6. Left renal vein with retro aortic course

7. Right renal vein

8. Inferior vena cava

On the right side also, two renal arteries with different levels of origin from aorta were seen; the first one was a hilar branch at the L2 level (below sma origin) with an early division behind IVC into two branches, after giving a branch to right supra renal gland which passed obliquely downwards anterior and posterior to right ureter. The anterior branch also gave slender branches to upper pole and peritoneum of that side. The second right renal artery was a polar branch at L3 level (below ima origin) and it had a retroureteric course for reaching lower pole.

A significant variation was observed in the course of left renal vein. In the present case, it passed behind the aorta to join inferior vena cava and so, it was called as retro aortic left renal vein (RALRV) [Table/Fig-2]. In addition, left renal vein was crossed superficially by lower polar branch of aberrant left renal artery, near the hilum of left kidney. Right renal vein was normal in its course. No other associated anomalies were found.

Showing the course of Upper Right renal artery behind inferior vena cava


The mesonephric arteries extended from the sixth cervical to the third lumbar segments. The more cranial of these vessels disappeared before those at the caudal end had reached their maximal development. In the upper lumbar region, the mesonephric arteries formed a network, the rete arteriosum urogenitale, from which the reproductive gland, the mesonephros and later, the metanephros, were supplied with arterial segments. It was inferred that early division of renal artery was the result of a variation in the degeneration of the rete arteriosum. Accessory renal arteries which arose from the aorta were persistent mesonephric arteries. Aberrant renal arteries were in fact normal segmental arteries with a proximal origin, which accounted for multiple or supernumery arteries of renal pedicle [1].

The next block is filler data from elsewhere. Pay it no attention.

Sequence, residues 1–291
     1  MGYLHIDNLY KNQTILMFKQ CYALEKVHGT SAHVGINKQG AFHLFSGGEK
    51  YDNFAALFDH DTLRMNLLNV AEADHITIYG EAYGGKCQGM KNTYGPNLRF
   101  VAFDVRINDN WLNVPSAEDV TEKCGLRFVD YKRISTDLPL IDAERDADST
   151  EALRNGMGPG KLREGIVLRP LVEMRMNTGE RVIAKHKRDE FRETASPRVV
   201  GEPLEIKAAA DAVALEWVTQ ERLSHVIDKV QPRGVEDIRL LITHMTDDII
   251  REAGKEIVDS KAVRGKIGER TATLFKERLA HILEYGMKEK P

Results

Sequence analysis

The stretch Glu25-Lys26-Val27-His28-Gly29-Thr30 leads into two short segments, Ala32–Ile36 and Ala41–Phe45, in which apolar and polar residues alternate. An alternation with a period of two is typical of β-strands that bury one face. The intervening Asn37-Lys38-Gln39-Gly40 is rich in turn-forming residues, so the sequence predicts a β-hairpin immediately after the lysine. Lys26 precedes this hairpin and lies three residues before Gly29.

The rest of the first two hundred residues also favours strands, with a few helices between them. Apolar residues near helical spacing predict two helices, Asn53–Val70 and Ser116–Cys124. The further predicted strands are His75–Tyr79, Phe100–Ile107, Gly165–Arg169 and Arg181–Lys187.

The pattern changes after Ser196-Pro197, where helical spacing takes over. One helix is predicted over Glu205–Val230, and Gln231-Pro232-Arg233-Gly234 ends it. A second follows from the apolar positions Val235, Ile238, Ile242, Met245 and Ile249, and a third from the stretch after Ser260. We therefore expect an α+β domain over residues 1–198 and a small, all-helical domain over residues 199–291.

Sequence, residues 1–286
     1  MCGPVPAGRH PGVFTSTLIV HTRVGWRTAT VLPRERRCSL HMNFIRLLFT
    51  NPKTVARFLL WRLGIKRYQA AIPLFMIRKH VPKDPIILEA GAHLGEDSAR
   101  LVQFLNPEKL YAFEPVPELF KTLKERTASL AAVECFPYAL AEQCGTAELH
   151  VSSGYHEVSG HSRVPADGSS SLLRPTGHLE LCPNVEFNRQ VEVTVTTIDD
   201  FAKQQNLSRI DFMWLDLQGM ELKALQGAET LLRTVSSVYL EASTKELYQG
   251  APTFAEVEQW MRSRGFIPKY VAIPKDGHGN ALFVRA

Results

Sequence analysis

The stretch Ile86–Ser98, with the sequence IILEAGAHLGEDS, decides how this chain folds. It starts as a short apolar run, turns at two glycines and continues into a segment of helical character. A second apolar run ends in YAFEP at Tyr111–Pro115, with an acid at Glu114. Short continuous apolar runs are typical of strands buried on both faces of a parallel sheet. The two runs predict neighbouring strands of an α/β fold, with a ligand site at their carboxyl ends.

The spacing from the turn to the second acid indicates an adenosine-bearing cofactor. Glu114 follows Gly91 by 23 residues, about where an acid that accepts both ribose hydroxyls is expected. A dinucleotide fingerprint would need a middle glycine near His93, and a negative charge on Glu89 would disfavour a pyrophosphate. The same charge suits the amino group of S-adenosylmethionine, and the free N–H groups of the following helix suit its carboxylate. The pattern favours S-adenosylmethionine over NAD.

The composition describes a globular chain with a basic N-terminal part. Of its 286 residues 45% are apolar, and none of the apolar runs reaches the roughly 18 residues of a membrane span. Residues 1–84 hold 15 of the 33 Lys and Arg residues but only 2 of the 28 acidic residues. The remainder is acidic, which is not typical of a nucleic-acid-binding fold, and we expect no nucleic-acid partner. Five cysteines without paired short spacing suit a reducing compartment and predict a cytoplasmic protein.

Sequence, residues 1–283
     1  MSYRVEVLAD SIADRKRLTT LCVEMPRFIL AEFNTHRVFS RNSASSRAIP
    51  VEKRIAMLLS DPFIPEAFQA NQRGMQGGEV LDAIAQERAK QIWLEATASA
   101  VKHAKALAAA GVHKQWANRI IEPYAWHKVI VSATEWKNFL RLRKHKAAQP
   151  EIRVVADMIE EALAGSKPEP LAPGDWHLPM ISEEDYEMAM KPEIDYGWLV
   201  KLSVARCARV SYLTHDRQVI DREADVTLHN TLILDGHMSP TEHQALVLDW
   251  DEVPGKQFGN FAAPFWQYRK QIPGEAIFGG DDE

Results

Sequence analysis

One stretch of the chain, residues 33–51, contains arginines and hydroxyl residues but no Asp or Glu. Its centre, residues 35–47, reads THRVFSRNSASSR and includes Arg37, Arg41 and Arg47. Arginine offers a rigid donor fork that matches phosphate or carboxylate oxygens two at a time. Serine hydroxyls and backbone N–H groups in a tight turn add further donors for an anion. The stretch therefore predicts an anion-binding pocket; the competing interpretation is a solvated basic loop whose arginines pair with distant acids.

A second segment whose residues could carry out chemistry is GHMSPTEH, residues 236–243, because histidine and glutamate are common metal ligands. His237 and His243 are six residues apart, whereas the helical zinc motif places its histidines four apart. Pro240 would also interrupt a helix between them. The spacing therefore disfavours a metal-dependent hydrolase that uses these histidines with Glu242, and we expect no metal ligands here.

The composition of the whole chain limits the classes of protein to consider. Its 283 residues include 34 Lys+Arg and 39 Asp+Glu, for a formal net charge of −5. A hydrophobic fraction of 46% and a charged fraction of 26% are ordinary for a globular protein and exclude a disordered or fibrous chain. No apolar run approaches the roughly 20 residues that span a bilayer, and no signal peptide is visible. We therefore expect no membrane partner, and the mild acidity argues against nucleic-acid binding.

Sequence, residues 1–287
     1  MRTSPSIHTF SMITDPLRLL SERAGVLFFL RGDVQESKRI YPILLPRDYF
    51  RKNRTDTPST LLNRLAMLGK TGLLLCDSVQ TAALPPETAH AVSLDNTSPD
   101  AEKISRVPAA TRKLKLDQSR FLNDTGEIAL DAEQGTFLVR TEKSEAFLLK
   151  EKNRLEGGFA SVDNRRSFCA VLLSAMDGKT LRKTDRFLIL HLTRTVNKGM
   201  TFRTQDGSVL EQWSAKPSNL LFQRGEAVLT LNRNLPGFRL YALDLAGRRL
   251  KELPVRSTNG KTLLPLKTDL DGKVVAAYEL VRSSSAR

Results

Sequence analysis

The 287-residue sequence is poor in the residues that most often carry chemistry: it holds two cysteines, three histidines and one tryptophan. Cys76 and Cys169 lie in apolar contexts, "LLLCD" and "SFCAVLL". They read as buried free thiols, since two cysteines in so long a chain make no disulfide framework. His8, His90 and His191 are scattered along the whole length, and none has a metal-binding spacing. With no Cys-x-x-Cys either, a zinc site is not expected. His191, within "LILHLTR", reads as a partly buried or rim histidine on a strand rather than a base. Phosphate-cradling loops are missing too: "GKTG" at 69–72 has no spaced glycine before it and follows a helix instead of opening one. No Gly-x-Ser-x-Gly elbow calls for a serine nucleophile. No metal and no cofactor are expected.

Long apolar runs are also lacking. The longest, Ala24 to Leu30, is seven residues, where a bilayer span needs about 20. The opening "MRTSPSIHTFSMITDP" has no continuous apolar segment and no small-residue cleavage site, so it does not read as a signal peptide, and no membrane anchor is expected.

Aberrant renal arteries were observed twice as often as accessory renal arteries. The frequency rate of ERA was the same on the right and left sides, and in 12% of the general population, ERA is bilateral. It has been reported that ERA are detected less in angiography studies than in anatomic dissection studies. In several angiographic studies, ERA frequency rate was between 20% and 27%. This rate was 24% in an angiographic study which was conducted on 855 patients by Ugur Ozkan et al., [2]. The reason why ERA are detected with a lesser frequency in angiographic series, is that thin arteries which originate directly from the aorta cannot be observed in angiography, and/or arteries that enter parenchyma directly without passing the renal hilus are frequently confused with adrenal or capsular arteries [2].

Brodie et al., in an anatomical study, reported six cases with a retro ureteric passage of aberrant renal artery [3]. In a considerable number of cases, arteries that pass behind or in front of renal pelvis were attributed to cause uretero pelvic obstructions.

Aberrant right superior polar artery from abdominal aorta at lower border of L1 was reported by Ramesh et al., [4]. The present observation of an aberrant bipolar artery has never been reported before.